The Anti-Casablanca: Nicholas Ray's Bitter Victory Tonight at Belcourt



Cinematic Conversations: Bitter Victory
Where: The Belcourt
When: 7 p.m. Mon., Nov. 28

See this movie, and you may wonder why it isn’t as much a part of the shorthand of cinema history as Kubrick’s Paths of Glory or Lawrence of Arabia. At the very least, you’ll wonder why it isn’t more famous. In spite of casting clashes, script confusion and his own offscreen demons, director Nicholas Ray delivered a harrowing masterpiece in this bleak 1957 anti-war drama — which, as Jonathan Rosenbaum suggested, amounts in some ways to an anti-Casablanca that questions Rick’s stoic machismo as well as Victor Laszlo’s strictly patriotic motivation.

Richard Burton, radiating scorched-earth cynicism, plays the British captain dispatched to steal secret documents from Rommel’s Libyan headquarters; Curt Jurgens (intended for another role by Ray) is the commanding officer who married Burton’s former lover (Ruth Roman). As the men get lost in the Libyan desert with an increasingly disgruntled detail (including a young Christopher Lee), the mission disintegrates into chaos, while director Ray turns the blinding sandscapes into a sci-fi wasteland — the black-and-white CinemaScope frame becomes a white void dotted with scared, mutinous astronauts.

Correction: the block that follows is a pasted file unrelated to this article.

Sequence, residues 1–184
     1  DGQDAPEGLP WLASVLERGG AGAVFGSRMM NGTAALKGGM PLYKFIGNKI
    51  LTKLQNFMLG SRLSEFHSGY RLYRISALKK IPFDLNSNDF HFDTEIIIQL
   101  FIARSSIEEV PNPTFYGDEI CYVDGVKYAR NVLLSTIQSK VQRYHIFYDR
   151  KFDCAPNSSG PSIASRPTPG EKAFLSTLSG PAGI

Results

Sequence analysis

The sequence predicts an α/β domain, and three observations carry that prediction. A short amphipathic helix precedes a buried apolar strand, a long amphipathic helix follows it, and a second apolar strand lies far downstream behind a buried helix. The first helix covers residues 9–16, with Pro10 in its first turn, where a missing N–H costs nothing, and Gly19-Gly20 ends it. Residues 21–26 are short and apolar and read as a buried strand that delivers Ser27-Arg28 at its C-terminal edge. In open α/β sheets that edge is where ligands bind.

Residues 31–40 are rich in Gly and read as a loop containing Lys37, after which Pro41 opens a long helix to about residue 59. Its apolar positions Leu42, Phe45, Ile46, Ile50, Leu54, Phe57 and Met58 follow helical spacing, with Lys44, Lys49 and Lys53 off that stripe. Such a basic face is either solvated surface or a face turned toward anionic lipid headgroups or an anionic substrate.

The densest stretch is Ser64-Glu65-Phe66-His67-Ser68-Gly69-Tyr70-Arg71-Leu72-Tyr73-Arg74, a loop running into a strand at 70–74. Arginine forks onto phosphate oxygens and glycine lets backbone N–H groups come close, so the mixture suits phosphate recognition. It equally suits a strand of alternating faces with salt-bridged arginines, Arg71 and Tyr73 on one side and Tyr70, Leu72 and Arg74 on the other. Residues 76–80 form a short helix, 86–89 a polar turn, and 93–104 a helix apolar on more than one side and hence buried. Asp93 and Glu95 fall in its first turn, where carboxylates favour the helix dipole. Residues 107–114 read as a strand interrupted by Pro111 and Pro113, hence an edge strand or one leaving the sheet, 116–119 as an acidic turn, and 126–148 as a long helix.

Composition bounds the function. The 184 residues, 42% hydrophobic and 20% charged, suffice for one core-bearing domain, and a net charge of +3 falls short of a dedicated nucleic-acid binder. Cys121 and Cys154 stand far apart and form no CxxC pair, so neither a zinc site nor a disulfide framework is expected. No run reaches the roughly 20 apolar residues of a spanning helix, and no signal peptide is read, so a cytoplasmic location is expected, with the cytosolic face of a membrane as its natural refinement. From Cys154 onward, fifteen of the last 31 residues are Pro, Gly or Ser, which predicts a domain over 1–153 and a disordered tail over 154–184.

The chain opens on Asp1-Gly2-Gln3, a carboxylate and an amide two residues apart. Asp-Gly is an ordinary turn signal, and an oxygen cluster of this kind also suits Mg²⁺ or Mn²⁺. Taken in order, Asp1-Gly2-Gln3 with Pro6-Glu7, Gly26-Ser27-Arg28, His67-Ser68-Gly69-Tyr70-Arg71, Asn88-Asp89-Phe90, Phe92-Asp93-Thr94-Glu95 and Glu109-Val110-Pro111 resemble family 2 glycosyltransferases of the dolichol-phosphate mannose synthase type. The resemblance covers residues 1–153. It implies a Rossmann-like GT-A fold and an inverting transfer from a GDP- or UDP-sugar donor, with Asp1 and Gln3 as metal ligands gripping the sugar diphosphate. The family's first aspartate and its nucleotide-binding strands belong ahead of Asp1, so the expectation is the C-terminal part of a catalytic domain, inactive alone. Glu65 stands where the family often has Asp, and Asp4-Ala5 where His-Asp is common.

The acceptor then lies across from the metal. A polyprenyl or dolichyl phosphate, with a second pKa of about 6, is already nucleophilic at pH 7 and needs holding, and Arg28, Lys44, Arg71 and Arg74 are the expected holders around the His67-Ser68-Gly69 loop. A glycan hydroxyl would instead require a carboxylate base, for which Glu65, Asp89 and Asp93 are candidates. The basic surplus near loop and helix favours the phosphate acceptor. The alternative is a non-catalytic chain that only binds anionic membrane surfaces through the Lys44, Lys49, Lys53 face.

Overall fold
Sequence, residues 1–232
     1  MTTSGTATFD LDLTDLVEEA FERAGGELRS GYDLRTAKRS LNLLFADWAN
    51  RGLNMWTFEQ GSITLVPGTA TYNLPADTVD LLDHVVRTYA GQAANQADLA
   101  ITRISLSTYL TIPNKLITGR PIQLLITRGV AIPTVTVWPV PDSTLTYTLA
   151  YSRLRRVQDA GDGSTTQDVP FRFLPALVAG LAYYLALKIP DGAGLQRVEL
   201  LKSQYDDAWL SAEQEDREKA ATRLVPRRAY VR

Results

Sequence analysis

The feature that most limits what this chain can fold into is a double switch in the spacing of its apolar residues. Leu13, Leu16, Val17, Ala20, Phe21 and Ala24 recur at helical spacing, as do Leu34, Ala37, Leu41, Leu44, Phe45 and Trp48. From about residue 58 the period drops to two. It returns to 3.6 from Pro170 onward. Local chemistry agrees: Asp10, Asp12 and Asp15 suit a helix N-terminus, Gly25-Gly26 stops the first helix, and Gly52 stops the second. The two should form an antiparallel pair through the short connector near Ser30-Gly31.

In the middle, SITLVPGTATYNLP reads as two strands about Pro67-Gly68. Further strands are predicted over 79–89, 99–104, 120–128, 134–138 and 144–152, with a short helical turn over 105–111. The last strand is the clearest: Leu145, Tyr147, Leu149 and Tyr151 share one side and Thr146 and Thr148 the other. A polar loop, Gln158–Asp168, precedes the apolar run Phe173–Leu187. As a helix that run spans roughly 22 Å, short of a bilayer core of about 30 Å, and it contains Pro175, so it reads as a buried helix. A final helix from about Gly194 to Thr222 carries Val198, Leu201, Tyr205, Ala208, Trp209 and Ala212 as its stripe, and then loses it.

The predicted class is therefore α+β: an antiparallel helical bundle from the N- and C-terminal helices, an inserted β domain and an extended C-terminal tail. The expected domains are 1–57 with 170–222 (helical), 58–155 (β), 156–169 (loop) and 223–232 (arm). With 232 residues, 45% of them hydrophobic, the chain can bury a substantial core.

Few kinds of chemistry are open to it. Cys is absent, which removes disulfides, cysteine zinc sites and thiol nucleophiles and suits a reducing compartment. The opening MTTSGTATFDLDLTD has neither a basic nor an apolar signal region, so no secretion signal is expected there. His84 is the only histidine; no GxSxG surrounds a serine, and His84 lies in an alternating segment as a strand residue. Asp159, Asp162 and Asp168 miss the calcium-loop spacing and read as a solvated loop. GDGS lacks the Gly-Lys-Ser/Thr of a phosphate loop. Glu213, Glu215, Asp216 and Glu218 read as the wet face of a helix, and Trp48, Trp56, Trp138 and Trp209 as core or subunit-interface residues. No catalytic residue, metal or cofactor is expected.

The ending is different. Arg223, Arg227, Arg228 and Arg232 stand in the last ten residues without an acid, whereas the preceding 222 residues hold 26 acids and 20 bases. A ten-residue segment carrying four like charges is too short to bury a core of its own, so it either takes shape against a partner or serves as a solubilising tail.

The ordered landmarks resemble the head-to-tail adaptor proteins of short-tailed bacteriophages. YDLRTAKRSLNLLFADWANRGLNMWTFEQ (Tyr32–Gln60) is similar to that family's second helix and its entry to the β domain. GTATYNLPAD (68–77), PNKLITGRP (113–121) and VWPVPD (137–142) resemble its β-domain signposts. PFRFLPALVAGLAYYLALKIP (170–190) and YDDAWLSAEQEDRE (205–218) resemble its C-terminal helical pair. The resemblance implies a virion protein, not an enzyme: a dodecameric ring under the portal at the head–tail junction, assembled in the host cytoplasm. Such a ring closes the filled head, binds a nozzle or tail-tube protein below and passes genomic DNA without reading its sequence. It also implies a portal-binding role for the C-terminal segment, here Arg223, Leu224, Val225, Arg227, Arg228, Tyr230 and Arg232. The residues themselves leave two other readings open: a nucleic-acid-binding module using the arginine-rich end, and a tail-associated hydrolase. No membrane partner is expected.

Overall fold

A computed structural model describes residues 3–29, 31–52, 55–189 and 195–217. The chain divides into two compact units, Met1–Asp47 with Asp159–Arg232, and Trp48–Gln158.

The movie offers plenty to discuss at The Belcourt’s “Cinematic Conversatons” series, a sort of cinematic book club that convenes immediately after each film. Tonight’s meets at Fido for the post-film talk after the 7 p.m. show.

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